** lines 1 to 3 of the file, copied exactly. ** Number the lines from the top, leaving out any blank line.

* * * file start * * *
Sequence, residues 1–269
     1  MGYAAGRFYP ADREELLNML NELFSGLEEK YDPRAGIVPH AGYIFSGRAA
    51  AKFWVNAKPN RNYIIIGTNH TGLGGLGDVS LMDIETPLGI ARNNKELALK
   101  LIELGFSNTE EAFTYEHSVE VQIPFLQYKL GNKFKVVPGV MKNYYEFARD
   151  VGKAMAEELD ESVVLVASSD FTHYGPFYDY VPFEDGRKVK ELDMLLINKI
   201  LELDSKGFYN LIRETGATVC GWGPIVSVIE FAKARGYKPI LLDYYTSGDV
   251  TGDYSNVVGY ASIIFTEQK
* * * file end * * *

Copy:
Sequence, residues 1–269
     1  MGYAAGRFYP ADREELLNML NELFSGLEEK YDPRAGIVPH AGYIFSGRAA
    51  AKFWVNAKPN RNYIIIGTNH TGLGGLGDVS LMDIETPLGI ARNNKELALK